Pigeon Recovery, Sick birds, Pigeon Rescue, Pigeon Welfare
If you see a sick or injured bird on or near the Square, or anywhere else, the best thing you can do is take the bird to Pigeon
Recovery, an excellent sanctuary where the birds are assured of the best
possible treatment. They are at:
8 Vermont Road
Surrey SM1 3EQ
If there is no-one in, facilities exist outside the front door for leaving
poorly pigeons, and the sanctuary owners are never away overnight. If at all
possible, a small contribution posted through the letterbox when you leave
the bird(s) would go towards paying for the bird’s treatment, food etc.
Of course, it may be that you can’t get to Pigeon Recovery in which case,
depending on what is wrong with the bird, you may need to attempt first aid
or take it to a professional. If a bird is found in Trafalgar Square, and
there is no way you can get it to Pigeon Recovery, please take it home with you and EMAIL US with details of where you are located. We will email you back as quickly as possible with the best way of helping you and your bird. If the matter is urgent please also include a contact number.
If taking a bird to a professional becomes necessary, please be very careful
where you take your patient. Make absolutely sure you know what will happen
to your bird as sadly many "professionals" will automatically put the pigeon to sleep irrespective of what is wrong with it.
If first aid is an option, we offer some basic tips below, but strongly recommend you visit the following sites for more information and advice:
This is an extremely useful resource. You’ll need to register, but this is free, simple and takes seconds. Click the “member exchange” button. You can then post a question, outlining the problem in as much detail as possible (if you can upload a picture, so much the better), and ask for advice. With over 5,000 members, the chances are you’ll be inundated with helpful, friendly advice within minutes.
Austin Duck Police
Don’t ask, we didn’t come up with the name! Located at www.duckpolice.org, this superb site contains invaluable information on everything from hand rearing a baby and emergency feeding techniques to fixing broken wings and legs.
If the breast bone is protruding, the plumage is poor and the bird seems weak, it may be malnourished. Such birds should, of course, be fed as soon as possible, preferably with smaller seeds as well as mixed corn, as these are easier to digest.
Dehydration may occur, especially in summer conditions. A suitable solution
to give to a pigeon – held to the beak, not forced down the throat – is the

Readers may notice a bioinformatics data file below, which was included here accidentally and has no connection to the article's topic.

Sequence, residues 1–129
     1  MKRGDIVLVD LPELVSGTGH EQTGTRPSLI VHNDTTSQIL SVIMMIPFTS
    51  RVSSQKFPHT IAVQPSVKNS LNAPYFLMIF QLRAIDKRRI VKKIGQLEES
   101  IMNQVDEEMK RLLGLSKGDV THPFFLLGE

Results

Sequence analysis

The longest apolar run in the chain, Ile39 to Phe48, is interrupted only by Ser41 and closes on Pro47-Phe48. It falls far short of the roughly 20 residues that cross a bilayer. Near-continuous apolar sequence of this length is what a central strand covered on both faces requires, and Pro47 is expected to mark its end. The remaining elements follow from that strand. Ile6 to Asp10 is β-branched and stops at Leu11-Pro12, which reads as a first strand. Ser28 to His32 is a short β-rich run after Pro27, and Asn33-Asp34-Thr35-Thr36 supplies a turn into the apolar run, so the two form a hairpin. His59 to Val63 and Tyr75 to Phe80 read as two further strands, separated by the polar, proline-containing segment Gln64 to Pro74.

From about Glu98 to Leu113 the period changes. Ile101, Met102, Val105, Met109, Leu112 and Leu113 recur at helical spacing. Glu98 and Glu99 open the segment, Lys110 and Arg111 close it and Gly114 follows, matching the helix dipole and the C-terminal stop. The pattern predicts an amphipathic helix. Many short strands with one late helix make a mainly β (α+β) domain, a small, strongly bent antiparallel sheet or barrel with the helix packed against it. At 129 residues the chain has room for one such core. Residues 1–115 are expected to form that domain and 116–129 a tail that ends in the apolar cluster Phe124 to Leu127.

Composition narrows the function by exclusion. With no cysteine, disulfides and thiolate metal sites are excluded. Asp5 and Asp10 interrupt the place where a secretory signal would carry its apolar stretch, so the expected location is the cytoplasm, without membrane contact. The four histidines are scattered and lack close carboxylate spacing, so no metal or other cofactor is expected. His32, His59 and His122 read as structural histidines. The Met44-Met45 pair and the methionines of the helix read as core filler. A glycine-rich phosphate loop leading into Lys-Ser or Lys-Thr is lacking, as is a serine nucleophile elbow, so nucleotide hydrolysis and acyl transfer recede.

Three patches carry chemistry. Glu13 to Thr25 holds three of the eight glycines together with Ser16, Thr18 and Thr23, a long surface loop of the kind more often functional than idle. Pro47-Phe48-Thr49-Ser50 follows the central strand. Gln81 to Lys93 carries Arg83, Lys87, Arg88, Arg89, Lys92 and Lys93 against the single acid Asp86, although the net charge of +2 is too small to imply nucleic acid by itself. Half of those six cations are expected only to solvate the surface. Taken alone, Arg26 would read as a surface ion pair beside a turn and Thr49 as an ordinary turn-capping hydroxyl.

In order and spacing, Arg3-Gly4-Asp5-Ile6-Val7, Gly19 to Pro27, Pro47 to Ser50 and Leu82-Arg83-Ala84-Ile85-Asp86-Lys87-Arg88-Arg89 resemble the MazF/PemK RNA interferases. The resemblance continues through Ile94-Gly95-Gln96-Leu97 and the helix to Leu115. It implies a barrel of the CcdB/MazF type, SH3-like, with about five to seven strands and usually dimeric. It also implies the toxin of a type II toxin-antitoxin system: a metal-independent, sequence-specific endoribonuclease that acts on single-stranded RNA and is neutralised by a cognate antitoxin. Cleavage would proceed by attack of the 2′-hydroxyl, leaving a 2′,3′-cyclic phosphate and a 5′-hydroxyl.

1 tablespoon of sugar
1 teaspoonful of salt
dissolved in one litre of water, offered frequently. “Flat” soft drinks may
be used in an emergency.
Twine around the feet is often encountered. Sharp nail scissors can usually
remove very loose twine and the birds can afterwards be released, but if
there is skin damage, loss of toes etc, an antiseptic spray from any chemist
should be applied and professional help sought. You may want to invest in a
pair of suture scissors (click here for a supplier) that are ideally suited for effective, safe twine removal.
If signs of infection are
present such as discharge or an offensive smell, on feet or around the beak
and eyes, the pigeon will need antibiotics as soon as possible. Broken wings
and legs are treatable – do not let anyone talk you into “putting down” such
a bird. They will, however, require treatment by a sympathetic vet or Pigeon
Pigeons which seem unreleasable, too, such as those who are blind, lame,
disorientated or in any way disabled, should not be destroyed – they are
assured of a place in Pigeon Recovery’s garden sanctuary.
If you are in possession of such a bird email us and we’ll get back to you
as soon as we can.
Typical injuries are scratches or holes under the wing or on the back with considerable feather loss. In all cases antibiotics from a vet are necessary since cats' teeth carry bacteria. Clean the wounds with TCP, saline solution or antiseptic spray. Warmth and quiet are essential before seeking professional advice. Email us for a rescue centre/wildlife hospital near to you.
If you see a pigeon on it's own, on the ground or huddled up against a wall then there IS a problem. It could be a youngster who has fluttered down or fallen from a nest and cannot fly back. The parents are unable to help a young bird in this situation to get back to the nest. Or it could be a sick or injured bird. Please do pick it up and take it inside, put it in a box (or cat carrier) with food and water and email us.
You will see details of Pigeon Pages on our Merchandise page. This is an extremely helpful guide containing a lot of information about the history of pigeons but also giving advice on what to do if you find a baby, sick or injured pigeon and how to care for it until you can get help. It is written and illustrated by the ladies who run Pigeon Recovery in Sutton and who have been involved with caring for pigeons for many, many years.